Without travelling out of the authentic records of the holy Evangelists, or beyond the limits of Judea, it may be useful to call to our recollection a few additional facts, which will abundantly serve to confirm these observations. That ferocious tyrant, Herod the Great, father of the tetrarch, dreading the fulfilment of an ancient prophecy, in a sense that awakened his watchful jealousy of power, "sent forth, and slew all the children that were in Bethlehem, and in all the coasts thereof, from two years old and under," without incurring any punishment from the laws, or any disgrace from his imperial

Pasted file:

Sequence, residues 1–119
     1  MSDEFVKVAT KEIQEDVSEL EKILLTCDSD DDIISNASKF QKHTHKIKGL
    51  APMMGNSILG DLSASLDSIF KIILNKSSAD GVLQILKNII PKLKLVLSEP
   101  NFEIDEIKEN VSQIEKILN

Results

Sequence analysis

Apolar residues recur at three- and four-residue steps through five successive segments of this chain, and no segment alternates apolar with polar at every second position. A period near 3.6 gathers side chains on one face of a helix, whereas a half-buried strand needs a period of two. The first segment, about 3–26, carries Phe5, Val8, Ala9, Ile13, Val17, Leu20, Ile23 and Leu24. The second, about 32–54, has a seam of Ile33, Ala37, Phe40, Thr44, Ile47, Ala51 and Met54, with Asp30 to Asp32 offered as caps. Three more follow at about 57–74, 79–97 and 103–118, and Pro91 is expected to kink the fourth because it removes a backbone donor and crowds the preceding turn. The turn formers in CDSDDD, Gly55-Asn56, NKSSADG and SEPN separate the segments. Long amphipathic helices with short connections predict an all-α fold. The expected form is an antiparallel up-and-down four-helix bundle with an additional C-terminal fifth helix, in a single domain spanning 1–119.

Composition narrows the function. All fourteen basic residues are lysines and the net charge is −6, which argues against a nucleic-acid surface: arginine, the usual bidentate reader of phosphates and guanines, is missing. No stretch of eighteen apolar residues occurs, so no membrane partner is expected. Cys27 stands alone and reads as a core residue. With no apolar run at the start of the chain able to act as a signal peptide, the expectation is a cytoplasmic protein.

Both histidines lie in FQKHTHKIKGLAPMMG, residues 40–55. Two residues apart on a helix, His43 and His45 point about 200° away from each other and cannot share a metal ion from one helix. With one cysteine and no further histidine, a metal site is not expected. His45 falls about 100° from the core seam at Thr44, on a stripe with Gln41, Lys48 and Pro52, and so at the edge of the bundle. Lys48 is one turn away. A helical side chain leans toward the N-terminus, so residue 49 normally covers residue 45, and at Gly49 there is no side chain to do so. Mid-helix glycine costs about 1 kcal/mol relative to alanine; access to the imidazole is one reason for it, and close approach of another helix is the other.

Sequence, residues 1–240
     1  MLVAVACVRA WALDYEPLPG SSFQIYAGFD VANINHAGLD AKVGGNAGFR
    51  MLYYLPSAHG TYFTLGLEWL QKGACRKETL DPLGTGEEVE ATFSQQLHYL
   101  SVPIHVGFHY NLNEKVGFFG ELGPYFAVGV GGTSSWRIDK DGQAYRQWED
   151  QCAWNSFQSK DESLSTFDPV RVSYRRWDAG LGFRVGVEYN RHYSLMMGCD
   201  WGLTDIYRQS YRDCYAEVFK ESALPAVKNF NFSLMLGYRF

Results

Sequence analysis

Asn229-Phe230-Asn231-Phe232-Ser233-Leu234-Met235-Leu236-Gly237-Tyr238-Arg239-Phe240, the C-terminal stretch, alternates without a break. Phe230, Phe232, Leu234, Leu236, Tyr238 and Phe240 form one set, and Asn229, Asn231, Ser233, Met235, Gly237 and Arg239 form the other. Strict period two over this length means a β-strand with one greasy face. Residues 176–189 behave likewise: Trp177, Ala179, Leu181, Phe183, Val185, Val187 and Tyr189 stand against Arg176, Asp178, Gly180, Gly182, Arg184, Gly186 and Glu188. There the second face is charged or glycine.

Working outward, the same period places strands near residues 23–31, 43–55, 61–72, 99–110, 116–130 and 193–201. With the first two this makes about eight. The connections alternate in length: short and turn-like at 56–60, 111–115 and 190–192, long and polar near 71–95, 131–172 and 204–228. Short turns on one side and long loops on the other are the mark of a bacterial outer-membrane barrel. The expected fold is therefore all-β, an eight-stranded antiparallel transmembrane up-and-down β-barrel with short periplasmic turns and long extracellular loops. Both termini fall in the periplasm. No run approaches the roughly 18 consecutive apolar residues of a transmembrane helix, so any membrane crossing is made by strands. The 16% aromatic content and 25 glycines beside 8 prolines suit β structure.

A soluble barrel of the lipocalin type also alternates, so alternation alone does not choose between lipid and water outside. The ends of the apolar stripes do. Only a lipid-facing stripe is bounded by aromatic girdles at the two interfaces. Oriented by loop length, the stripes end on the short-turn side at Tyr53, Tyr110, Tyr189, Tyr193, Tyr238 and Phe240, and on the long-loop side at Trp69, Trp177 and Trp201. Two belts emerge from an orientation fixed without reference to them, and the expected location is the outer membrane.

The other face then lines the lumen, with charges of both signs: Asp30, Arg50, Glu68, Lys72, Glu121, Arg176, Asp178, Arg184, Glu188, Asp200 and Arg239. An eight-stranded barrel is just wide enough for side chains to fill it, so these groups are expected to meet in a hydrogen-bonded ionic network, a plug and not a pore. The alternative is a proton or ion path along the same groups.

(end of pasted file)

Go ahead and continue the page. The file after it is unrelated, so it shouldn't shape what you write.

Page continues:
When the proto-martyr, Stephen, addressing his countrymen, gave utterance to the glorious vision, with which he was favored, in consequence of "being full of the Holy Ghost," a set of furious Jews, among whom were elders and scribes, as well as common people, rushed on him with one accord, "cast him out of the city," and, with lawless violence, stoned him to death. When the venerable Paul appeared before the chief priests, and all their council, to plead his cause, he had scarcely said, in the opening of his address, "Men and bre thren, I have lived in all good conscience before God until this day;" before the high-priest, Ananias, commanded them that stood by him "to smite him on the mouth." Lastly, when the Saviour of the world was brought before Pilate, after having been previously buffeted and spit on, scourged with rods, and crowned with thorns, that base, pusillanimous judge, merely to gratify the clamor of an infuriated rabble, sentenced the holy Jesus to the cruel death of crucifixion, though "he found no fault in him." Against these enormous outrages, there appears to have been no law that was operative, or efficient, no judicial punishment, and no prac ticable means of redress.